In Libya, the Qaddafi regime has responded in brutal but increasingly effective fashion and now seems likely to retain power in at least part of the country for some time to come. With few genuine foreign friends, a big pile of cash, and no place to run or hide, Qaddafi and his family had little choice but to fight it out and hope for the best, even if their brutal suppression of the rebel forces lands them back on the list of international pariahs.
For its part, the Saudi government has sought to pre-empt significant protests by doling out $37 billion worth of new social benefits, while making it clear that protests will be dealt with harshly. In neighboring Bahrain, the Khalifa dynasty has responded to rising protests from its Shiite majority population with heightened repression. It has also invited the Saudis -- which share the Khalifa regime's fear of Iranian influence -- to send several thousand troops there to back up the government.
So if you believed that the events in Tunisia and Egypt -- which were both relatively bloodless and remarkably swift -- were likely to be duplicated elsewhere, you were wrong. The revolutionary impulse has been remarkably contagious, but revolutionary outcomes much less so, at least thus far. Nor do we yet know how far-reaching the reforms in Tunisia and Egypt will ultimately be (though I remain cautiously optimistic).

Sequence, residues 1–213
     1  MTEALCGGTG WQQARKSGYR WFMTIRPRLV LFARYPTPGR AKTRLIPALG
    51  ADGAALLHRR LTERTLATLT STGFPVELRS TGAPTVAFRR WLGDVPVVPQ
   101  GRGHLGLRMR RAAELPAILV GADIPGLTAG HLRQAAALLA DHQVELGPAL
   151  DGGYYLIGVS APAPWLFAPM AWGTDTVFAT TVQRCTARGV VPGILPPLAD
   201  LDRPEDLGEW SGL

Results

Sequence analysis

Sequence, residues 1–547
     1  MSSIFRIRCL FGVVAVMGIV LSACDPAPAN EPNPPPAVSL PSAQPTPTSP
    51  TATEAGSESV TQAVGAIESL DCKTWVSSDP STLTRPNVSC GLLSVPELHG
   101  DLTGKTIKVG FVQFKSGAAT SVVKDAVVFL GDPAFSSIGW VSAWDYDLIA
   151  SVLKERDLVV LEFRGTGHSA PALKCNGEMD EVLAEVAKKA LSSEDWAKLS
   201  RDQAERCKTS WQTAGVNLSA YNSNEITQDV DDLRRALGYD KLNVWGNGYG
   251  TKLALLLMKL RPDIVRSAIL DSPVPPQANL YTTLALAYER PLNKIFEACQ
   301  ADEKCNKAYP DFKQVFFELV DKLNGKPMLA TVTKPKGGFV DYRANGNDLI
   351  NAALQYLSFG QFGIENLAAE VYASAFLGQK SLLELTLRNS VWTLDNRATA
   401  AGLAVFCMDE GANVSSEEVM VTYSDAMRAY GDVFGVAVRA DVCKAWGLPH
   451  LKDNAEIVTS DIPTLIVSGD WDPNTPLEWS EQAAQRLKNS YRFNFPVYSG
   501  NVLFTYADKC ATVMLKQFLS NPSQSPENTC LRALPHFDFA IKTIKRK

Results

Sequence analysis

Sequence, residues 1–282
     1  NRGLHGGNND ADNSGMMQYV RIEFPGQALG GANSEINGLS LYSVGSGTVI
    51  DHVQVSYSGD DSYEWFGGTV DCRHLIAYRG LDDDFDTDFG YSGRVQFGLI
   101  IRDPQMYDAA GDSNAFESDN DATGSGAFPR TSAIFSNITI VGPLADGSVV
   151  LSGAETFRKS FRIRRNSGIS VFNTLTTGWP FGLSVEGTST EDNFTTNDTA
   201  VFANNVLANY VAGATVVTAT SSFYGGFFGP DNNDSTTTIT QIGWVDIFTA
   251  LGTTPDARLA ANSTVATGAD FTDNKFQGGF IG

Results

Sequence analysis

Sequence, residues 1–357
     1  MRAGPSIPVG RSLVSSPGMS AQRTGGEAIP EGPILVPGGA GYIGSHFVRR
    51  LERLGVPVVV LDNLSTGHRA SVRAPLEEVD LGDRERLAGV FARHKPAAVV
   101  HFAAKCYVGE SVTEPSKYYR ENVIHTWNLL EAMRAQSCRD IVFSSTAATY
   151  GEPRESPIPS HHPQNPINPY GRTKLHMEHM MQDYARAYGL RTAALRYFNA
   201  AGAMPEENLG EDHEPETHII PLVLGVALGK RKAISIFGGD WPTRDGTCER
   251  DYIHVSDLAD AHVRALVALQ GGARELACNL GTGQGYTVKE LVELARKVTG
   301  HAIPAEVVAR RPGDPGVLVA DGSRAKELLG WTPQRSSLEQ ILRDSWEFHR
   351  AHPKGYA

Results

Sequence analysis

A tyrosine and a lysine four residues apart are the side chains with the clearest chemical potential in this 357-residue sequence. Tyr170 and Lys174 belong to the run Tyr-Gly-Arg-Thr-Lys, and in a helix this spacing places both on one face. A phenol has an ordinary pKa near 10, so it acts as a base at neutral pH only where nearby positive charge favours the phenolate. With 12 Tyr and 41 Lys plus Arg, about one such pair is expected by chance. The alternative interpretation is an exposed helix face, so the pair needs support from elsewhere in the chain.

All that said, I still find it hard to believe that these events do not herald more far-reaching political change throughout much of the Arab world. Even if some governments are able to keep the lid on for now, the social, political, and economic conditions that have given rise to these upheavals won't vanish anytime soon. Whether they consent to real reform or not, ruling elites are likely to be more mindful of popular opinion going forward, for fear of facing new protests in the future or driving frustrated reformers in more radical and dangerous directions.
If this view is correct, then the days when the United States could base key elements of its Middle East grand strategy on alliances with a set of Arab regimes whose policies tended to ignore popular sentiment -- including widespread popular anger at the U.S. role in the region -- are coming to an end. A new grand strategy is going to be needed -- and soon.
Stephen M. Walt is the Robert and Renée Belfer professor of international relations at Harvard University.